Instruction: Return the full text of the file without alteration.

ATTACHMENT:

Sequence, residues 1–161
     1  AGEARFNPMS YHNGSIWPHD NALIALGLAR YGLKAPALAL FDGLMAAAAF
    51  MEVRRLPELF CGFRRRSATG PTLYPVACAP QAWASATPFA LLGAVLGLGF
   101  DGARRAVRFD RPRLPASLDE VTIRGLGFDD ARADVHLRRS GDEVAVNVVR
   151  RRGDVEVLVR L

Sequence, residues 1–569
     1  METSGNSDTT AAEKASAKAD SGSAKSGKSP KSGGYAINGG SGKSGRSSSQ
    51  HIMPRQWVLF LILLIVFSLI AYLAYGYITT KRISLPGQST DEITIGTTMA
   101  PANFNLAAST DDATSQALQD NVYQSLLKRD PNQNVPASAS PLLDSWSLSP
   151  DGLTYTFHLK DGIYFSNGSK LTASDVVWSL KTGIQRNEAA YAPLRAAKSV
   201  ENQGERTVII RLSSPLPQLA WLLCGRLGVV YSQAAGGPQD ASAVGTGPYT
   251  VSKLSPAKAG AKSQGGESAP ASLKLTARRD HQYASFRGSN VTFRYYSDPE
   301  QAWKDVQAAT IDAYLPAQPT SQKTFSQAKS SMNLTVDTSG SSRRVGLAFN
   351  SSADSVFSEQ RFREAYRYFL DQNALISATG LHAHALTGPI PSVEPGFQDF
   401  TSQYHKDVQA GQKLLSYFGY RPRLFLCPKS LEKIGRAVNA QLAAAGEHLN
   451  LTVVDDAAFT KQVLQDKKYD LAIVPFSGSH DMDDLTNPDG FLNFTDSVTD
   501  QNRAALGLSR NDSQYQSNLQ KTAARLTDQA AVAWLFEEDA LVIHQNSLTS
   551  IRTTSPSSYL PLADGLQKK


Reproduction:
Sequence, residues 1–161
     1  AGEARFNPMS YHNGSIWPHD NALIALGLAR YGLKAPALAL FDGLMAAAAF
    51  MEVRRLPELF CGFRRRSATG PTLYPVACAP QAWASATPFA LLGAVLGLGF
   101  DGARRAVRFD RPRLPASLDE VTIRGLGFDD ARADVHLRRS GDEVAVNVVR
   151  RRGDVEVLVR L

Sequence, residues 1–569
     1  METSGNSDTT AAEKASAKAD SGSAKSGKSP KSGGYAINGG SGKSGRSSSQ
    51  HIMPRQWVLF LILLIVFSLI AYLAYGYITT KRISLPGQST DEITIGTTMA
   101  PANFNLAAST DDATSQALQD NVYQSLLKRD PNQNVPASAS PLLDSWSLSP
   151  DGLTYTFHLK DGIYFSNGSK LTASDVVWSL KTGIQRNEAA YAPLRAAKSV
   201  ENQGERTVII RLSSPLPQLA WLLCGRLGVV YSQAAGGPQD ASAVGTGPYT
   251  VSKLSPAKAG AKSQGGESAP ASLKLTARRD HQYASFRGSN VTFRYYSDPE
   301  QAWKDVQAAT IDAYLPAQPT SQKTFSQAKS SMNLTVDTSG SSRRVGLAFN
   351  SSADSVFSEQ RFREAYRYFL DQNALISATG LHAHALTGPI PSVEPGFQDF
   401  TSQYHKDVQA GQKLLSYFGY RPRLFLCPKS LEKIGRAVNA QLAAAGEHLN
   451  LTVVDDAAFT KQVLQDKKYD LAIVPFSGSH DMDDLTNPDG FLNFTDSVTD
   501  QNRAALGLSR NDSQYQSNLQ KTAARLTDQA AVAWLFEEDA LVIHQNSLTS
   551  IRTTSPSSYL PLADGLQKK